A4293, legislation that would expand bad faith insurance remedies was released from AFI on Thursday, with significant amendments. The companion bill was voted out of the Senate in June of 2018, by a one vote margin. As the Lame Duck session comes to a close Monday January 13, 2020, the amended version would now need a floor vote in the Assembly and concurring floor vote in the Senate.
The changes made to the bill as released by AFI are significant. While the senate version would have applied to all first-party and third-party claims, the assembly version is limited to personal injury claims under uninsured or underinsured auto coverage. The penalties for “unreasonable” settlement practices have also been modified. Instead of treble damages, the assembly version actually provides for unlimited damages – significantly increasing the risk of going to trial with a potential bad faith claim.
The senate sponsor, Senator Scutari, testified in support of his legislation, claiming that first party claimants currently have no recourse against carriers who delay payment or offer unreasonably low settlements. The Assembly Minority Leader, Assemblyman Bramnick, co-prime sponsor on the legislation, agreed, claiming especially in the UM/UIM context, claimants have no remedy because bad faith claims are seldom successful.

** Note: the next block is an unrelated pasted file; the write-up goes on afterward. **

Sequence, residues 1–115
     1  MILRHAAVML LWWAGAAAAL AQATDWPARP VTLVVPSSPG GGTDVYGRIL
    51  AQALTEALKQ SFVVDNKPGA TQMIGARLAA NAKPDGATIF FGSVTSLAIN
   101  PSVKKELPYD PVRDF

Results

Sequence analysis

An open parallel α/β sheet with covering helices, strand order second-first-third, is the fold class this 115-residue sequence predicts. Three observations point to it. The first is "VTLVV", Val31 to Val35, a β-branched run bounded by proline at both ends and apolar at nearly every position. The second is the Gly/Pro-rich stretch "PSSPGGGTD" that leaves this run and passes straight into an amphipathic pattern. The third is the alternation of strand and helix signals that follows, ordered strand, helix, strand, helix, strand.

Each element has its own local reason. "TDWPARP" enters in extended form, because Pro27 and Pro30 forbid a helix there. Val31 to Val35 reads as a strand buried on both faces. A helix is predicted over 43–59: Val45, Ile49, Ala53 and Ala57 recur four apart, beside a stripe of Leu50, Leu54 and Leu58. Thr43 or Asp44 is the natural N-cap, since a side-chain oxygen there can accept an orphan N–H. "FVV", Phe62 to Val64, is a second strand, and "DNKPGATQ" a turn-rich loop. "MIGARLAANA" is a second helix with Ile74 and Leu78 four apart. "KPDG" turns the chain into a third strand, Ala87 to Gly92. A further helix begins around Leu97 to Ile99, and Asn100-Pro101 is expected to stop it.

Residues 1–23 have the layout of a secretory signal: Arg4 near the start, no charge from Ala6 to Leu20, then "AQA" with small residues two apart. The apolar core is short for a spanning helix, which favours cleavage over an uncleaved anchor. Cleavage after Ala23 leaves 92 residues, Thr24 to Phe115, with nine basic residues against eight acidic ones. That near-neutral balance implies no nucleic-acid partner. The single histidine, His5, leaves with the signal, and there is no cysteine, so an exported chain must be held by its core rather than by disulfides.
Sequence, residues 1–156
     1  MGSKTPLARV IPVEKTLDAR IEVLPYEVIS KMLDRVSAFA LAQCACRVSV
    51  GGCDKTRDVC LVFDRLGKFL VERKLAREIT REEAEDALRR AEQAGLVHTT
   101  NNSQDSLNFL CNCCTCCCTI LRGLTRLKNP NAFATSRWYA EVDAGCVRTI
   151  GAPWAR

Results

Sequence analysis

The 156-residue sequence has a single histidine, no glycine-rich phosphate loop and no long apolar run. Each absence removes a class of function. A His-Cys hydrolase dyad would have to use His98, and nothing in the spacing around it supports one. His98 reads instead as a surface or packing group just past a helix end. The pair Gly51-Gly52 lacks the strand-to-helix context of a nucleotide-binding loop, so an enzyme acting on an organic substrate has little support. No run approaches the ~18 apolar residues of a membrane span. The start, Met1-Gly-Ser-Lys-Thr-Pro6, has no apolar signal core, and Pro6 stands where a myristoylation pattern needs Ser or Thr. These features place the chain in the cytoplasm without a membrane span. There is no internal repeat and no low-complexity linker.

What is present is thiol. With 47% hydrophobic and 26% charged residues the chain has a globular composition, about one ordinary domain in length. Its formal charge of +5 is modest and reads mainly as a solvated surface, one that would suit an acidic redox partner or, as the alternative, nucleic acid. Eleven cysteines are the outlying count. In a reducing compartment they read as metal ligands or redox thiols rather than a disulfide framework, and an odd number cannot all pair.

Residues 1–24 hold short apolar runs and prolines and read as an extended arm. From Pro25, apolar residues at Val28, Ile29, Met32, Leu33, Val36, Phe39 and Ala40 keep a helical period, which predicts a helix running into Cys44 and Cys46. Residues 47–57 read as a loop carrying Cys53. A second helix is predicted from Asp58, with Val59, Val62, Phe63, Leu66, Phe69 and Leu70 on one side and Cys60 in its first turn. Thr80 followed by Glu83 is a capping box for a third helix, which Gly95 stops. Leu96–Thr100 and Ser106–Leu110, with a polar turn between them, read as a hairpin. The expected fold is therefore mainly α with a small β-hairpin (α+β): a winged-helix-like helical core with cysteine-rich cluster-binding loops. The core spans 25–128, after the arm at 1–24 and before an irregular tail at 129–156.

NJCJI was among those testifying against the legislation. We pointed out that a bad faith claim is not the only remedy available for a policy holder who believes their claim is being handled unfairly. In fact, the Offer of Judgment Rule exists for precisely this reason. And in fact, the New Jersey Court’s Civil Practice Committee considered precisely the problem the sponsors raised, regarding settlement incentives for UM/UIM claims, and concluded a modest tweak to the Rule struck the appropriate balance. The Committee never considered anything as drastic as the remedies provided in A4293, but rejected even the more modest proposal of automatic fee shifting, for fear that it would distort incentives and result in higher insurance premiums.
Prospects for a floor vote in Assembly and Senate remain uncertain. Please email Alida if you would like to discuss this legislation further.